Caroline Gardner

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My name is Caroline Gardner, I am a recent Georgetown graduate! I studied Government, Journalism, and Public Health. I am from Indianapolis, IN & I completed my archive project from my childhood bedroom there! During my time at Georgetown I hosted trivia for The Tombs, walked many dogs, worked in many office buildings (Capitol Hill being the most beautiful by far), hosted a radio show about jazz and became incredibly passionate about women's empowerment as VP of my sorority. Currently, I am living in Indianapolis, working at a brewery (with a mask, of course), babysitting two very nice kids and teaching yoga classes!


About the Collection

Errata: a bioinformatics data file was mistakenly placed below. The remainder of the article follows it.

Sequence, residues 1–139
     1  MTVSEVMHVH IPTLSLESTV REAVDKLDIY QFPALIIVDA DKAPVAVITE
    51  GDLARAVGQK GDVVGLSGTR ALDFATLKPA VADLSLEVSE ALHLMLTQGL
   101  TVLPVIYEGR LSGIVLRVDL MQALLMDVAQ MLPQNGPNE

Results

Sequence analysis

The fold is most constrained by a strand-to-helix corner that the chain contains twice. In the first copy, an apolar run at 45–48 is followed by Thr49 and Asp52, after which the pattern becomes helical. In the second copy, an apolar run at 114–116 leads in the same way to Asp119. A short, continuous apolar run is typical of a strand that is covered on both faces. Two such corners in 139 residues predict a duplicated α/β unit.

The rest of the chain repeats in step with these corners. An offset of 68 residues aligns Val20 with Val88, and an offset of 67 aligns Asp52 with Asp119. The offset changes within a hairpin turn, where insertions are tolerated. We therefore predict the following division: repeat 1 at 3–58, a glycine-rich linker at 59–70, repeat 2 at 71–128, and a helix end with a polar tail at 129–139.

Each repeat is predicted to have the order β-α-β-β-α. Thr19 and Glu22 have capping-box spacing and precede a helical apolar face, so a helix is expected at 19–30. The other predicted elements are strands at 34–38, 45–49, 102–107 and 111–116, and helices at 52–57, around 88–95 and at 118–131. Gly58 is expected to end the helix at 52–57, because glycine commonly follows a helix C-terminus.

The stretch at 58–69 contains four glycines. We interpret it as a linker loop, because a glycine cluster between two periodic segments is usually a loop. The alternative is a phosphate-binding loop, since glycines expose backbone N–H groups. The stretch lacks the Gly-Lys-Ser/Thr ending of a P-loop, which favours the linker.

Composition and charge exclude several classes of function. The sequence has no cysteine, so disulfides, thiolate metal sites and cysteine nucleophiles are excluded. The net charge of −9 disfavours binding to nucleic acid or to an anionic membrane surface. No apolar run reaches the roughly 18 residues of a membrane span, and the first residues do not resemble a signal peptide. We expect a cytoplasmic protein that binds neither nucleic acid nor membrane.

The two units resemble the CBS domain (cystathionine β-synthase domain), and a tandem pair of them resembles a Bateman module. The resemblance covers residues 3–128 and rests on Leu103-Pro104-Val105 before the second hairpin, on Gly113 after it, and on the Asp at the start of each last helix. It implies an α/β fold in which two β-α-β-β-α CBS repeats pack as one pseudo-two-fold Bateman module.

As a student with a learning disability, I feel lucky to look back on my time in school and feel supported and empowered by teachers and their actions. Teachers have an incredible opportunity, not to only teach young people what they need to know in order to navigate the world, but also to teach them how to advocate for themselves, how to be kind, and how to connect with others. I wanted to learn more about the education system during the pandemic - How were teachers coping with the physical distance of teaching through a screen? How were students learning? What else was going on in the lives of students that might take away from their studies? How are low income students being affected, and how are they being supported by their teachers? How are mental health challenges being exacerbated by a global pandemic? Teachers are some of the most passionate, caring, and communicative people. Both my parents are teachers, so I live with two of them. I asked every teacher what he or she is doing for his or her mental health. I asked them about lesson plans, the lives of their students, and the future of education. Some conversations left me in tears of gratitude for their hard work or in tears concern for the challenges of their students and for them. Some conversations were with friends, many of whom I'd known for years: I am so grateful for this opportunity to get to know them in a different way. There are some holes in my project: I did not speak to a teacher who is a person of color, I did not get to hear from the students themselves (interviewing someone under 18 is frowned upon, if not illegal), and I did not get a full picture of the life of a teacher during a pandemic. Overall, this project was the first assignment to bring me back to focus and passion for my own education during my last semester of college. I am so thankful for Prof. Chakravarti and Onder for their encouragement, support and awesome Zoom classes in March, April and May.